The dried, ripe fruit of the perennial, Foeniculum vulgare, Fennel Seed is harvested from a six-foot annual plant with divided, feathery, green foliage and golden yellow flowers. Oval seeds form in clusters after the flowers wither and are harvested when they are fully ripe. The flavor is sweet and licorice-like, similar to Anise, with a menthol undertone. Fennel is available as whole and cracked seeds, as well as ground.
The sweet, licorice fragrance of Fennel brings the flavor of Italian sausage, both sweet and hot, and other cured meats, like salami and pepperoni, to life. In the south of France, Fennel is often paired with pork, and used in sauces and stuffing. The seeds power such flavorful seasoning blends as Herbes de Provence and Curry Powder. Try adding a sprinkling of crushed Fennel Seed to your next loaf of homemade cheese bread for a delightful twist.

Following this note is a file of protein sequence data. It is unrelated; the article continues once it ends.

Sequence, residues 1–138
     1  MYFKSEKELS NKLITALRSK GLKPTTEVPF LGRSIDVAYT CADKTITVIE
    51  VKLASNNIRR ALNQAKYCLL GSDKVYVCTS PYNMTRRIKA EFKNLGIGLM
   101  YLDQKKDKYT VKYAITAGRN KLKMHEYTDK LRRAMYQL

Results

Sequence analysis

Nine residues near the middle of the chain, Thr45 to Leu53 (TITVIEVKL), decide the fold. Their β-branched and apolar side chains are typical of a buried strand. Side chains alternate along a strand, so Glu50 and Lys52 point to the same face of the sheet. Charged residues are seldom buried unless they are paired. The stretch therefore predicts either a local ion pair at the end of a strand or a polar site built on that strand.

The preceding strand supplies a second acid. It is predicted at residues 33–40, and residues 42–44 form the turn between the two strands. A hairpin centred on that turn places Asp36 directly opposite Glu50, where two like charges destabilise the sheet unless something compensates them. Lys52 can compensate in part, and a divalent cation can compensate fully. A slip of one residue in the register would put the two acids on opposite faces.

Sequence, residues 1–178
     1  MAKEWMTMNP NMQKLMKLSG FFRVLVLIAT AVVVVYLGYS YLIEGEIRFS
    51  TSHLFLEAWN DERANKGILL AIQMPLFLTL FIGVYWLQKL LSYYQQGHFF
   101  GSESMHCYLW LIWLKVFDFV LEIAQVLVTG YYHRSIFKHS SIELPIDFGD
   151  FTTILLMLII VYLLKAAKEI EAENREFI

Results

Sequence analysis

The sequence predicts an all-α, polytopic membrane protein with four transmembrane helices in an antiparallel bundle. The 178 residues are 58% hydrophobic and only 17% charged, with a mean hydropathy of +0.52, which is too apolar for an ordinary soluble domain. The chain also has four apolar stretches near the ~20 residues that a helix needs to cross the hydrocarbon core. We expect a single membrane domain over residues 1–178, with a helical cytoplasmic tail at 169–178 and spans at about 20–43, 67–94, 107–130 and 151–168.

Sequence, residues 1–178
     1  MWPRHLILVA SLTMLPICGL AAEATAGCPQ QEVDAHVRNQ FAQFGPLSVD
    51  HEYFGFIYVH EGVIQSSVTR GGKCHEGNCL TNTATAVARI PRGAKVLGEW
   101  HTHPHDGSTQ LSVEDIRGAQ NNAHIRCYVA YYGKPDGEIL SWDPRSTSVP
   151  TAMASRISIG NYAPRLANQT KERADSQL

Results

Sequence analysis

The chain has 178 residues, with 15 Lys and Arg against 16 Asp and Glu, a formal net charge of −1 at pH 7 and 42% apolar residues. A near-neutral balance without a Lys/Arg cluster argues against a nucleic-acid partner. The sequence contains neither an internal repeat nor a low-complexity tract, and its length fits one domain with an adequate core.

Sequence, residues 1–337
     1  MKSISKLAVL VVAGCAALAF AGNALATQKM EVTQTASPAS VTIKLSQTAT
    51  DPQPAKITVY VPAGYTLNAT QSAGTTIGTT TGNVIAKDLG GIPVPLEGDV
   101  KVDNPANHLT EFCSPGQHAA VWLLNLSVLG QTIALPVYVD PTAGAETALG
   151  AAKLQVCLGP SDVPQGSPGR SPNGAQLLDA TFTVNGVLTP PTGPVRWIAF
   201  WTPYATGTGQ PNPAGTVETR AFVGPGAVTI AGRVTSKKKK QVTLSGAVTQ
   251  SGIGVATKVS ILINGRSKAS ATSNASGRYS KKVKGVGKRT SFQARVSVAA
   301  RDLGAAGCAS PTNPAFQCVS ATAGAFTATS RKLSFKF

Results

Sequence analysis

Fennel, once grown only in the Mediterranean, is harvested primarily in India and Egypt today.
BELIEVE IT…OR NOT
Fennel will not turn you into superman, despite ancient beliefs that regular intake would increase one’s strength and eyesight. But we can hope that its symbolism as a sign of success holds true. The Greek word for Fennel is marathon, which refers to the Greek victory over the Persians at the Battle of Marathon in 490 B.C. In more recent history, Puritans living in North America called Fennel “meeting seed,” chewing it for refreshment during long meetings. Roasted and sugar-coated Fennel Seeds are still used today in India and Pakistan as an after-dinner digestive and breath freshener.
RECIPESThree Seed Green Beans and TomatoesFennel Crusted Grouper